It seems any time I pull out coupons for free products at the supermarket, people wonder how I got them. Whether it's the cashier or other shoppers in line, it's inevitable that someone will ask, "Where did you get that coupon for a free pizza?" "How did you get a coupon for free toilet paper?"
Coupons for free products are not terribly difficult to come by. While manufacturers sometimes run coupons for free items in newspaper inserts, they tend to use other means to distribute them.
One method that's exploded in popularity is online distribution. I'm not referring to printable coupons –– we'll get to those in a second. Many manufacturers offer free coupons via online promotions to their shoppers. I've recently received coupons for free yogurt, free coffee creamer and free cheese from offers that I responded to on the Internet.
Companies post free coupon offers in different ways. With the free yogurt, I happened to see a TV commercial inviting viewers to go to the yogurt's web site and request a free coupon.
The manufacturer of the coffee creamer used its Facebook page for a one-day offer of free coupons. I received the coupon for free cheese when I visited the manufacturer's web site one day to look for a printable coupon, and instead saw the offer to request a free coupon. All three coupons arrived via postal mail shortly after I requested them online.
Another great way to get free coupons for products you like and use? Take a moment to e-mail or write to the manufacturer. Whether it's a compliment or suggestion, many companies will send coupons, either high-value or for a free product, in return.
Manufacturers rarely offer print-at-home coupons for free products. Printable coupons for free products are extremely rare, and the majority of manufacturers do not offer them. Due to fraud, it's too easy for people to make photocopies and use far more coupons than the manufacturer intended for the promotion. Free printable coupons also make up the majority of counterfeit coupons.
If someone's going to "make" a fake coupon, they typically won't stop at a $1 offer. When a shopper uses a fake coupon, the store takes a loss, because the manufacturer won't reimburse the store for the discount. Because of fraud, most stores have a policy against accepting any printable coupons for free items.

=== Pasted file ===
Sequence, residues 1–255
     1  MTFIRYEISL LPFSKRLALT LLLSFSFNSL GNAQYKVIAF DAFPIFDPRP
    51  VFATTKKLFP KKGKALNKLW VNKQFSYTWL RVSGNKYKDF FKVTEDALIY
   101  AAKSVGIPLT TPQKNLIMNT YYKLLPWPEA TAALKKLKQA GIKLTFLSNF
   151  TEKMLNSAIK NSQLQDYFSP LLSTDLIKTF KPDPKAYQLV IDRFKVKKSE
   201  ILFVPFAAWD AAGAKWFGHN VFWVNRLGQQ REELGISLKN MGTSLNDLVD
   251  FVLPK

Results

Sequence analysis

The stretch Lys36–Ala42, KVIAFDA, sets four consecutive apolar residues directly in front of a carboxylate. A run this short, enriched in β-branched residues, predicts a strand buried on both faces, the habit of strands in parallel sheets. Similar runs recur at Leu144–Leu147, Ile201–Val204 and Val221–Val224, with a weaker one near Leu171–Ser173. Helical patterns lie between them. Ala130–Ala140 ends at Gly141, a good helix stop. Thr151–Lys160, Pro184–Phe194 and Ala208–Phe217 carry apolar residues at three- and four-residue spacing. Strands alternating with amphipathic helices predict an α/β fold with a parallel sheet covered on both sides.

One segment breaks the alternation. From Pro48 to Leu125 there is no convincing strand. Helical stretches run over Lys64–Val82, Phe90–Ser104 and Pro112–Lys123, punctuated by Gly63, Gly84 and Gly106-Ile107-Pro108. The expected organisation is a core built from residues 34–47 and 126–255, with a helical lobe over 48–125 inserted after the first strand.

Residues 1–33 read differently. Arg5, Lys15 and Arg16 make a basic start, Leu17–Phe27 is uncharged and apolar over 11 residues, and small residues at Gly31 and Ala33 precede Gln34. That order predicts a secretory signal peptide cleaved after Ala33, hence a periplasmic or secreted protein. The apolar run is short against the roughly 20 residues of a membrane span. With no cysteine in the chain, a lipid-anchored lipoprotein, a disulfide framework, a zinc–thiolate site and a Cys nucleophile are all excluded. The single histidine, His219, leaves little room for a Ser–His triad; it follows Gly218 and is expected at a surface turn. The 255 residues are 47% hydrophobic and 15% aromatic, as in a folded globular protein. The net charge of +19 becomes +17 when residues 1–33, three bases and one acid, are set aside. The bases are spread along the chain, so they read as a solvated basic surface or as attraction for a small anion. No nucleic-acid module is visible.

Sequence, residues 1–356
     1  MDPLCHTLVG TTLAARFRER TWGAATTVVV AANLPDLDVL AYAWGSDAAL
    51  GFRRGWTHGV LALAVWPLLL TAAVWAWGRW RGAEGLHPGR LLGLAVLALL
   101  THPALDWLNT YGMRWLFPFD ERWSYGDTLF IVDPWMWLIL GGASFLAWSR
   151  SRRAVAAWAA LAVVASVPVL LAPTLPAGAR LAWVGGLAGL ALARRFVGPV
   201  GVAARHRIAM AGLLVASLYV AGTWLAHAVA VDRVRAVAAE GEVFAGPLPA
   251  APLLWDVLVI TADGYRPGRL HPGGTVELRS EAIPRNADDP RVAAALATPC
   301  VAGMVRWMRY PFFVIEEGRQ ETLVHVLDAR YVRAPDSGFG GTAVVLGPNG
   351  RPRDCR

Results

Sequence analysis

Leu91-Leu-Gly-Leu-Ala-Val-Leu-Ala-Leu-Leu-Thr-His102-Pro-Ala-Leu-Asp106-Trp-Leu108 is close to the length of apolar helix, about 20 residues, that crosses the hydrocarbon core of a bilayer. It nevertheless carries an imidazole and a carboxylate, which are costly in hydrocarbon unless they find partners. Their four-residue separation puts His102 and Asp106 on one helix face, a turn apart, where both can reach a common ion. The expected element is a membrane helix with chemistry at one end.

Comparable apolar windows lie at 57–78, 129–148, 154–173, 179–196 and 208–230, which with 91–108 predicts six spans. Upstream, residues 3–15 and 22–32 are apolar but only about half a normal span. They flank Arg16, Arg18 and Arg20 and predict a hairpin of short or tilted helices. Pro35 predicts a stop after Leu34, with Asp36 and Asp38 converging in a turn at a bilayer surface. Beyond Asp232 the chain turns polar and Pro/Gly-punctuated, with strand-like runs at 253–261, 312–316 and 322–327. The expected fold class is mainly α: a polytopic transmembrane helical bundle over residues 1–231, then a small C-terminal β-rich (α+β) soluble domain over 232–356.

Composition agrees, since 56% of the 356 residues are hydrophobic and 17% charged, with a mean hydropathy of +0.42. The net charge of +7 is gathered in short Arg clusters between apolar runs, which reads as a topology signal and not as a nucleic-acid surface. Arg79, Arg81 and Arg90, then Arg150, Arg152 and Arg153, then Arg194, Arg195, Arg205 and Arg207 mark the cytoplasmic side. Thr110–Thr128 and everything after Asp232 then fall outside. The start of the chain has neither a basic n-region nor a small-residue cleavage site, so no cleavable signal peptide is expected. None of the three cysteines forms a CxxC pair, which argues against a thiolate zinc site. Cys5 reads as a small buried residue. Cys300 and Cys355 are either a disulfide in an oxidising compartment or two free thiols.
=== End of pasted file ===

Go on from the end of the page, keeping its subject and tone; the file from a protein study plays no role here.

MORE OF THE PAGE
This brings us to a recent e-mail from a reader.
Question: "My husband and I enjoy your columns. We read every one published our newspaper. Recently, I sent an e-mail suggestion to the manufacturer of our favorite brand of vitamins. The manufacturer, in turn, sent us a coupon for a free bottle of vitamins! But when we tried to redeem the coupon at checkout, the store informed us that they wouldn't honor the coupon because it was for a free product.
"The clerk said that the store honored Buy one, get one free coupons, but that they couldn't just give a product away for free. This puzzled us. The manufacturer would actually be paying for it and the store wouldn't lose money, correct? We persisted nicely and the cordial clerk asked the manager. The manager agreed to honor the coupon as an exception, but won't do it again. What's going on here?"
I think your store may have been trying to avoid the risk it would not be reimbursed the vitamin manufacturer. Perhaps they feared your coupon for a free bottle of vitamins was not a legitimate offer. I checked the coupon policy for your store, and there is nothing in it that states that the store will not accept a free coupon. I believe it was a misunderstanding. You may want to request a copy of the coupon policy via your store's web site to carry with you in the future.
Jill Cataldo, a coupon workshop instructor, writer and mother of three, never passes up a good deal. Learn more about couponing at her web site, www.jillcataldo.com. E-mail your own c.